The Irish economy contracted by 4.6% in the first quarter, a much steeper decline than the flash estimate of -2.7%. The scale of the fall allied to a massive base effect (GDP had risen by 7.9% in the first quarter of 2022) pushed the annual growth rate into negative territory at -0.2%.
The headline figure in the Irish national accounts often masks a wide disparity in the performance of the indigenous and multinational sectors and this was the case in q1, although for a change it was the former that outperformed. Consumer spending rose by 1.7%, boosted by strong auto sales, with construction spending increasing by 8.7% while investment in machinery and equipment excluding aircraft leasing jumped by 16%. Government consumption did fall, by 3.5%, but overall final modified domestic demand grew by 2.7% and by an annual 5.5% which is more consistent than GDP with the very strong employment data seen this year.
The fall in GDP was largely due to a 2.1% fall in exports with merchandise exports down 4.6%. This reflects a fall in contract manufacturing (offshore production for Irish based entities) and may relate to a certain mobile phone company’s issues in China.Imports also fell, by 2.2%, but in this case it was due to a decline in service imports, reflecting weaker spending on R&D and royalties. This is also captured as investment spending on Intangibles and this duly fell sharply as well , by 36%, which also explains why overall capital formation fell by 12.7%.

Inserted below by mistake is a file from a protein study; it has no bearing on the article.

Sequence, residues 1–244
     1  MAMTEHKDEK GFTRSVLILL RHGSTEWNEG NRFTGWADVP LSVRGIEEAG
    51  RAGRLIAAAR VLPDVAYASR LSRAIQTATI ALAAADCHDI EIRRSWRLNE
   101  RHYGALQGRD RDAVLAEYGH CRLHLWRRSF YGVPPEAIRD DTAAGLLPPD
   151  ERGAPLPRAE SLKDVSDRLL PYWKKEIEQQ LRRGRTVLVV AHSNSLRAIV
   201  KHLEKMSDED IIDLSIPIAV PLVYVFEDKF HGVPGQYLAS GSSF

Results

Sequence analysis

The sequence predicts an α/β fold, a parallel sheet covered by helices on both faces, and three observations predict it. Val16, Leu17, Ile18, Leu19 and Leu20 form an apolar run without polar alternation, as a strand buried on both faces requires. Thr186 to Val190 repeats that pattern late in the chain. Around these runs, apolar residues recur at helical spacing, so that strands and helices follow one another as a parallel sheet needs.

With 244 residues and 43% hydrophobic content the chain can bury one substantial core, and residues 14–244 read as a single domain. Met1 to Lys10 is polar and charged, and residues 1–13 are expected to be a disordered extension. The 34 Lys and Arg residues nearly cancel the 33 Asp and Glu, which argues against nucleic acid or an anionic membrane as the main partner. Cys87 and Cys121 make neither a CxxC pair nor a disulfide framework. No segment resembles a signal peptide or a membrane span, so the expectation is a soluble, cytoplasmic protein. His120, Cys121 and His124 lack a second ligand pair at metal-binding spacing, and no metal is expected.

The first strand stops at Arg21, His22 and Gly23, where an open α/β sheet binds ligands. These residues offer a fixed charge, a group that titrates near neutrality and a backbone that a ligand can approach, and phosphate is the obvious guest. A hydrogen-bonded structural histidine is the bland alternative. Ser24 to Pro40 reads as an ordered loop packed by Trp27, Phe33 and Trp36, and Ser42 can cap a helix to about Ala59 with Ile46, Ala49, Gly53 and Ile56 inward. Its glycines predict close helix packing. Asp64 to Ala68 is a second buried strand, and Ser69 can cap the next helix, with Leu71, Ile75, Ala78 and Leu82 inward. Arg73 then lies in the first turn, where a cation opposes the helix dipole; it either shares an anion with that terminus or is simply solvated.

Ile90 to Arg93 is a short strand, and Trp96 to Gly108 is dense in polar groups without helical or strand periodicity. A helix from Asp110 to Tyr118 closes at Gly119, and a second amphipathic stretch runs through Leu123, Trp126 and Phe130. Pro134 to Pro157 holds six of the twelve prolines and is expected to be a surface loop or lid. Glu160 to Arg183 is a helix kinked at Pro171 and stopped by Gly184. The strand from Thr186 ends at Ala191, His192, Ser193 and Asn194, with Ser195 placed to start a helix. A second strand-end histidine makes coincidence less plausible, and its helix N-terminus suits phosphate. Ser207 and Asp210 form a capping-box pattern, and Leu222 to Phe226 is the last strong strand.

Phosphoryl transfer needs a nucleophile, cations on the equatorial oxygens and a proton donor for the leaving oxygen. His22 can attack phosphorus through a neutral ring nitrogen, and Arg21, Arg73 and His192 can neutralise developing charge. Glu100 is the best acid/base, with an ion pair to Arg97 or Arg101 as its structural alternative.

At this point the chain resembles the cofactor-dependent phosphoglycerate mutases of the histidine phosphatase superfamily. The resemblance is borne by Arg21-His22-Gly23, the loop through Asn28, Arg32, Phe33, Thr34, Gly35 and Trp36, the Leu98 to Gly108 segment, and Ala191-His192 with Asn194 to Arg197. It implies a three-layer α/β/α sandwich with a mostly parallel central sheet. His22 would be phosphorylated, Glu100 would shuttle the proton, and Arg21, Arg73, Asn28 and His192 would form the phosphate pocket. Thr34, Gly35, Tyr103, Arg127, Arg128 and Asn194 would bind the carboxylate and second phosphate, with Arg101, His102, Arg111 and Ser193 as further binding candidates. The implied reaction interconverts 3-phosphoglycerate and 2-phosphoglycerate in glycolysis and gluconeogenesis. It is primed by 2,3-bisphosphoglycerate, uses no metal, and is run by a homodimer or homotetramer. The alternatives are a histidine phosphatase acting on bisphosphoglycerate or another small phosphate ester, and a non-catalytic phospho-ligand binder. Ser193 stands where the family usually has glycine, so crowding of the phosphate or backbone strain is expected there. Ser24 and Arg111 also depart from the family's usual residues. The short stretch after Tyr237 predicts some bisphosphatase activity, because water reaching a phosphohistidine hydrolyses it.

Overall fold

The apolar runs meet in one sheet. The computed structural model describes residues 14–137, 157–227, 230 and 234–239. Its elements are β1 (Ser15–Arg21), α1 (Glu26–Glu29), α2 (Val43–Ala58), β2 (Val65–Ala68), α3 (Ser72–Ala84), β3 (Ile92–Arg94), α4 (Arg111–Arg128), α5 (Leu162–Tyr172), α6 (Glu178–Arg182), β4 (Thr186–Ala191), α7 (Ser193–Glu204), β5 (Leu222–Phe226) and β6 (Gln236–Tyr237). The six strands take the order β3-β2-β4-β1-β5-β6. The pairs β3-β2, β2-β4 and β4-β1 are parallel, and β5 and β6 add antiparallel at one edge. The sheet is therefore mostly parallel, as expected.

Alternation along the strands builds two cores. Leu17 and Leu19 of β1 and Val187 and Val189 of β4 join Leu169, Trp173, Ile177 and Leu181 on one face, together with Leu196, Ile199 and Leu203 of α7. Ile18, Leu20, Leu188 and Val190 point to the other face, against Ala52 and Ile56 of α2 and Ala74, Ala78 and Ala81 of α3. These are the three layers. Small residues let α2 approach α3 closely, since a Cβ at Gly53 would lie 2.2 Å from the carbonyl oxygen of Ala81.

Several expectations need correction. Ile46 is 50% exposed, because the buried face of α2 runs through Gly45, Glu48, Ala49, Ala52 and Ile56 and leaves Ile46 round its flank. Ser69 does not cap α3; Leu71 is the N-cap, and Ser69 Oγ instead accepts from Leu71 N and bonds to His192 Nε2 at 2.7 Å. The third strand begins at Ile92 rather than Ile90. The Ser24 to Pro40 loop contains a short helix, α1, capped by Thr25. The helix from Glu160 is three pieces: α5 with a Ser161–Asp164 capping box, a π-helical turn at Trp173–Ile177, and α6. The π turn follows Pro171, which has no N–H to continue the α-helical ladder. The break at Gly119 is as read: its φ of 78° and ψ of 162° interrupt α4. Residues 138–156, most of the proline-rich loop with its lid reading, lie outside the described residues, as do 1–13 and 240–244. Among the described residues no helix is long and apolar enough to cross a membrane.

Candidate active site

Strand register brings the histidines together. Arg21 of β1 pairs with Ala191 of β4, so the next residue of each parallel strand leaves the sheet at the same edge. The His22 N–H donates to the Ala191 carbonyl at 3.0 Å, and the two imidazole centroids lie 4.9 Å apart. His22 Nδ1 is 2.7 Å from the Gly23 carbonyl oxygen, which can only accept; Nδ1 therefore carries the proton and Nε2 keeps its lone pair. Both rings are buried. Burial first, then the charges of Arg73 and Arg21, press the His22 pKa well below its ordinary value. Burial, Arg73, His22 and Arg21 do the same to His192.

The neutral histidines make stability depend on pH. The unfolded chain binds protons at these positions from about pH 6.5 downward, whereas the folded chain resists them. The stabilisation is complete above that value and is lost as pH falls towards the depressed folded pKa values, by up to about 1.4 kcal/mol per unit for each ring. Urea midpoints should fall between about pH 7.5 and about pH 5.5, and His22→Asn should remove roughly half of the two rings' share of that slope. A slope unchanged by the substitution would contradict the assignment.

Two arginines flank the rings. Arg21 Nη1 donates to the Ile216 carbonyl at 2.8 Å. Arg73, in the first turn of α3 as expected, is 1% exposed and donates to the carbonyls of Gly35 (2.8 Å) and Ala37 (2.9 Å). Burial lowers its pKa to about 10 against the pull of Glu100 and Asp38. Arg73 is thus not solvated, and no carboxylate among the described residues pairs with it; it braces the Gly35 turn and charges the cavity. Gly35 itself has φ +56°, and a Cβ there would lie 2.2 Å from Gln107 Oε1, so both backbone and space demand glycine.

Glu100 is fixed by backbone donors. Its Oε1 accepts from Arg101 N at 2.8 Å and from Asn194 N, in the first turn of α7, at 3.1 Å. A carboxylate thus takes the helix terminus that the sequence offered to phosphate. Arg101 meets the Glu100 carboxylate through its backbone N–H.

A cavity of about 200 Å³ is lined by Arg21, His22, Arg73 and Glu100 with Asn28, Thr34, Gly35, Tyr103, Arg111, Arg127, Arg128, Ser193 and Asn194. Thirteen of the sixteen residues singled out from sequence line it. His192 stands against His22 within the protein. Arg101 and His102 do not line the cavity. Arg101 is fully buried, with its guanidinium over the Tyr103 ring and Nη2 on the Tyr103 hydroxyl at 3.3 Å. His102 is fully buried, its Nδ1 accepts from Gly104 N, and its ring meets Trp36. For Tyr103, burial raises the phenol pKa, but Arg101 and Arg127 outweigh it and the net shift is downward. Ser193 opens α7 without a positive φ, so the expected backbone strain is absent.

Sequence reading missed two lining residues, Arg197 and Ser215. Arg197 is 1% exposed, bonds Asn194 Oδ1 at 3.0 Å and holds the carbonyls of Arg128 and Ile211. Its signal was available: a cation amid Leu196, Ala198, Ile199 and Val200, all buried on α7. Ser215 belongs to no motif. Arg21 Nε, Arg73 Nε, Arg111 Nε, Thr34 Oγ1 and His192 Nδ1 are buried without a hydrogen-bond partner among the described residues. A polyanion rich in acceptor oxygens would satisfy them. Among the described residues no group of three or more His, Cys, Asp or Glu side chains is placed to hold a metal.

It is also worth noting that the fall in the quarter is much larger than the component parts would imply, due to a large change in the statistical adjustment figure and as such may be revised.